When I write things, I’ll write a first draft and then hide it away.
It’s something I think I’ve learned from Stephen King, from his book ‘On Writing’ (though I’m pretty sure I used to do this before I read that book).
I do this for two simple reasons:
Firstly, I like to work on multiple things. So, rather than drafting a piece and then going straight back to the beginning and revising/editing, I can jump onto another project.
Secondly, (and more importantly), I like to let my project sit for a while. To let them simmer. To forget about them.
It might have to do with me being a pantser. That means I don’t have much of an outline when I start a book. I’ll have a general idea, and I’ll just go for it. Which means that when I’m done with that first draft, there’s usually things I want to change. (I’d like to think I’d work this way even if I was a plotter, but what do I know, I’ve never tried).
This is where leaving the draft for a while comes in handy. If I were to go straight back to revising right after writing the damn thing, I’d be too caught up in it. I’d remember everything I’d just written, and be too close to the story. The way I work, where I sometimes let things rest for as long as six months, means I sometimes will have forgotten THE WHOLE story, by the time I get back to it. And I’m talking about not even remembering how it ends.
These last few weeks, I’ve been doing some alpha reading. That’s what I call the stage right after the first draft. Often, I’ll have other people alpha read my stuff (just to give me some overall pointers about plot and story), but I’ll also do it myself. Which means I’ll pick up that horrible, sickly-looking first draft, and read through it. Cover to cover. While not editing a single sentence.
In November 2019 I wrote a novella for NaNoWriMo (National Novel Writing Month. It’s a thing, look it up if you haven’t heard of it.) It was only 27.000 words, and I like doing novellas during NaNo because it gives me some time off my main projects, and works as a sort of palette cleanser.
Thing was, I felt very uncertain about that novella. Not in a Oh my God, this first draft is shit! kind of way, more of a This book is just plain boring, kind of way.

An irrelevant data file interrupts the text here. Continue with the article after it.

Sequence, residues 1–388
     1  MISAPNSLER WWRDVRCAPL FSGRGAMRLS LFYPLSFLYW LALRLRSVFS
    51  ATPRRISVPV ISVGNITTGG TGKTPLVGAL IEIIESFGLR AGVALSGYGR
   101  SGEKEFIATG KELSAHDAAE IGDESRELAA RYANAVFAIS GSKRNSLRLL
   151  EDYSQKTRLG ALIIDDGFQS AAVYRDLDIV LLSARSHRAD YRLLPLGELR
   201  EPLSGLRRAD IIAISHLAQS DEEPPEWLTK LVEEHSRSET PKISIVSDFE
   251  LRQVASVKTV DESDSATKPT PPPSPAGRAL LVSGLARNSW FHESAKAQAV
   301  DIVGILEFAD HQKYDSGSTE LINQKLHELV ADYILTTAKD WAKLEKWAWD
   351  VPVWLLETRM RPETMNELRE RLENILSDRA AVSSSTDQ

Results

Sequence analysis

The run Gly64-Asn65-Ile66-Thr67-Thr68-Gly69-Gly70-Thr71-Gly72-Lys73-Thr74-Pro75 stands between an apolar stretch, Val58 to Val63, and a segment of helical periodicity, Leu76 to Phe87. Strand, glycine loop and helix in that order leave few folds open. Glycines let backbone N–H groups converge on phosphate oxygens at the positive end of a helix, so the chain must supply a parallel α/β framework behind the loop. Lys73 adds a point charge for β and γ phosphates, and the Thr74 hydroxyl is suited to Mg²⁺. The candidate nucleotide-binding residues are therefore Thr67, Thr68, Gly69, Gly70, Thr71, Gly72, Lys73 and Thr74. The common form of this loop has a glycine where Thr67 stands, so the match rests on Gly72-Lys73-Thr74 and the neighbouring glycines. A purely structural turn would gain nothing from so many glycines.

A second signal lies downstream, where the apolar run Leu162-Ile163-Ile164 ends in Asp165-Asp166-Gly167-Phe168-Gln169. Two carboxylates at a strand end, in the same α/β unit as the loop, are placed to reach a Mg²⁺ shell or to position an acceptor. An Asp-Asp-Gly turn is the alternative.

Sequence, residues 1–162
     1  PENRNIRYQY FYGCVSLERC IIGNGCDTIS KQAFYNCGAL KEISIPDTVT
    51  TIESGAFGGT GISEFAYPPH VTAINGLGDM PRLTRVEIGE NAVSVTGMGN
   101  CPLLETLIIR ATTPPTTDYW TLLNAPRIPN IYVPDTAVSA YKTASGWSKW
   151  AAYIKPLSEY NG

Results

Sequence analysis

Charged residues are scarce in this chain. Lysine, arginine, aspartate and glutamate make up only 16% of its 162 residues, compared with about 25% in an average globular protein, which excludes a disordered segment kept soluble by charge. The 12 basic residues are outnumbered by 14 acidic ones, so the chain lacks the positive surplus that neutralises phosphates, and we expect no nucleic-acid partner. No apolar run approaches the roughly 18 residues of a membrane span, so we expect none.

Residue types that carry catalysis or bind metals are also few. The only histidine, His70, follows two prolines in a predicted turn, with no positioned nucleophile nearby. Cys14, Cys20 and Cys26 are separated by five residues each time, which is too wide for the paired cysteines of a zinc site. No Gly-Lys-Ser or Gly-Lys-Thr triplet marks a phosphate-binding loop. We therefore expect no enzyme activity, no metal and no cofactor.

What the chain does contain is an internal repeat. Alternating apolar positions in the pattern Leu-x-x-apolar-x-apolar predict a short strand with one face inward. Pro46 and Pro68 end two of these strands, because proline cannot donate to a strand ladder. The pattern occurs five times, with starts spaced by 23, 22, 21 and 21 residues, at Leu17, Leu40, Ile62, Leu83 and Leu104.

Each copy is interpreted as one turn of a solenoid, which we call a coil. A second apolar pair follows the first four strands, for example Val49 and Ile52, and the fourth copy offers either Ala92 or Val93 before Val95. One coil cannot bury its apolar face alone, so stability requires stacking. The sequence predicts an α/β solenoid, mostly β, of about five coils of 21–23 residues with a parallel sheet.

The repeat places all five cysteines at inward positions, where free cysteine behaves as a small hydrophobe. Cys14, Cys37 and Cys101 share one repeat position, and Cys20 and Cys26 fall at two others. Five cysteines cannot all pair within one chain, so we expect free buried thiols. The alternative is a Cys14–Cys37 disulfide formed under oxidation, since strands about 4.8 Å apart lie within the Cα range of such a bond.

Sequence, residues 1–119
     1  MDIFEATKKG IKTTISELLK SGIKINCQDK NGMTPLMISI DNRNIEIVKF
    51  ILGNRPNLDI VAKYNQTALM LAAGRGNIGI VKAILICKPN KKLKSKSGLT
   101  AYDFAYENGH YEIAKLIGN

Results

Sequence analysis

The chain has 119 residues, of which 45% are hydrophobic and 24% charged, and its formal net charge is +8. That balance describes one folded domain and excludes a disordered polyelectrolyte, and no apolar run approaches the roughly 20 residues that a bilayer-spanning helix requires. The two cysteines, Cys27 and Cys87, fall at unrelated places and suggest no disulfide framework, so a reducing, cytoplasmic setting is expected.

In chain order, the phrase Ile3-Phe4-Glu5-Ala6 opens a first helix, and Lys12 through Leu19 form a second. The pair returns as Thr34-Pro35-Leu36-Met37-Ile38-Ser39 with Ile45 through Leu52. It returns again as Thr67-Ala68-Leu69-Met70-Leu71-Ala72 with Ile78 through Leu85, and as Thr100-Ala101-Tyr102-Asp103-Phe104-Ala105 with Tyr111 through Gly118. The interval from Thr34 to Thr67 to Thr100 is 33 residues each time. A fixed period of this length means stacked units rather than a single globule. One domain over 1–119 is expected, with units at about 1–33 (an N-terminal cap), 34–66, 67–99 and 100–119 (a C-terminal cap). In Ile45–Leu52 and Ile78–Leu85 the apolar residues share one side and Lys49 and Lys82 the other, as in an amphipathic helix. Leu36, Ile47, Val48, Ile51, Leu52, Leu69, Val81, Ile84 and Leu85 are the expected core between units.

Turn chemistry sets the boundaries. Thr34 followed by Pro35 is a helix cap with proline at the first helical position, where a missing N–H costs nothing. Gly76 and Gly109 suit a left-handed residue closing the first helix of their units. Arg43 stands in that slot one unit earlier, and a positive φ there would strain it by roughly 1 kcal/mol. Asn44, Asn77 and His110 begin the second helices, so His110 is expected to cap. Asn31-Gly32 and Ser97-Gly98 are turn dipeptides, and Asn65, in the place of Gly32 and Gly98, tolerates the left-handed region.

I didn’t feel like there was a plot. No story. Nothing driving it forward. It was super boring, and by the time I was finished, I felt like I hadn’t written about anything at all.
Sure, I might be able to salvage it, but most likely, the story wasn’t going to be worth anything at all.
Again, let me emphasize: I didn’t hate the story. I didn’t think my writing was bad, or anything like that. I just didn’t think it was very interesting.
Fast forward to the alpha reading I started last Monday. I picked it back up. Dusted it off. Suddenly reminding myself of that thing I did last November. Figured, Hey, I’ll see if this is as bad as I thought.
I just finished reading it this morning.
It’s some of the best writing I’ve done.
I made myself laugh. Made myself cry. It’s happy, sad, fun, engaging, and super interesting.
At first, I didn’t understand. How the hell had this become so good? It wasn’t that it was exceptional writing, or that it was something new or revolutionary, it was just that the story… the story was good! Really good.
I’m still kind of confused. I vividly remember thinking it was so incredibly boring and plotless. I even asked my wife to read it at the same time I did, asking her to look for how I could make the story interesting and engaging, because I knew it was a drag. (Thing is, she said the exact same thing as me when she was done. It’s not a drag!)
This isn’t about me loving my story. It’s about why I think it’s important to let your stories simmer. Hide them away. Forget about them.
Pick them back up later, when you haven’t just written them.
They might surprise you.